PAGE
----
The vast undertreatment comes at a time when the infection rate for hepatitis C, or HCV, has been increasing in part due to the opioid epidemic.

Some prisons ignore their own guidelines for standards of care. In Florida, at least 181 inmates who met the criteria for treatment did not get the cure, according to records kept by the Florida Department of Corrections. The department has a 13-page policy that says prisoners are eligible for HCV therapy when the disease reaches Stage 2, which is when the liver shows mild to moderate fibrosis, or tissue scarring.

“The Department is committed to ensuring all inmates in our custody are provided medically necessary treatment that is in line with national standards and our constitutional responsibilities,” Ashley Cook, press secretary of the Florida prison system, said in an email.

Since late 2013, new hepatitis C drugs with a success rate of more than 95 percent have become available. But they come with sticker prices of $40,000 to $90,000 for the daily tablet regimen of eight to 12 weeks. These drugs replaced previous therapies that cost around $70,000 for 48 weeks of treatment with a much lower cure rate.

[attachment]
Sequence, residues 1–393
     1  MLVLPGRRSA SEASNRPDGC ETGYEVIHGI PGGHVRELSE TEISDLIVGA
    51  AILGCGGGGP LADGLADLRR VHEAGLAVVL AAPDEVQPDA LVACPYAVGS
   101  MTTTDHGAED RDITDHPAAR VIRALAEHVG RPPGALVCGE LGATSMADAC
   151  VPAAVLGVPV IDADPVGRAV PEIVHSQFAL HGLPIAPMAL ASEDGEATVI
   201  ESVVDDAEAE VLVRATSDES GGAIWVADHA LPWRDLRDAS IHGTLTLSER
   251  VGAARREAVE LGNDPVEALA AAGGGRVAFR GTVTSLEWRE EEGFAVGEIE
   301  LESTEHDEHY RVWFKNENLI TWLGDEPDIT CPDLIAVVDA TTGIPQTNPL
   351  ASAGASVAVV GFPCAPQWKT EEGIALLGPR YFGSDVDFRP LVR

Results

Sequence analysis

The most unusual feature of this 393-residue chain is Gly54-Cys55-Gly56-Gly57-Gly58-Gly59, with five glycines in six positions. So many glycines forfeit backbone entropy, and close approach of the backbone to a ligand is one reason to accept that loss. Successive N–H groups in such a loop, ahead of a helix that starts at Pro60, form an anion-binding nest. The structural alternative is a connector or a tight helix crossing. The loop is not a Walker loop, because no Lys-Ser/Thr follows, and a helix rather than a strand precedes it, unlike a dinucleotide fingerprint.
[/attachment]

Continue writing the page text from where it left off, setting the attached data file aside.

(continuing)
The Minnesota Department of Corrections treated 58 inmates from 2014 to 2016. Dr. David Paulson, medical director of the Minnesota state prison system, said his department cannot afford to do more.

“We have to operate within our means and treat the [prisoners] that are the most advanced first,” he said in an interview. “When prices go down, we will treat more people.”

In California, state officials have allocated $106 million in next year’s budget to treat inmates with hepatitis C.

Gilead, one of the companies that make the drugs, which include its popular brands Sovaldi and Harvoni, says patient access is among its top priorities.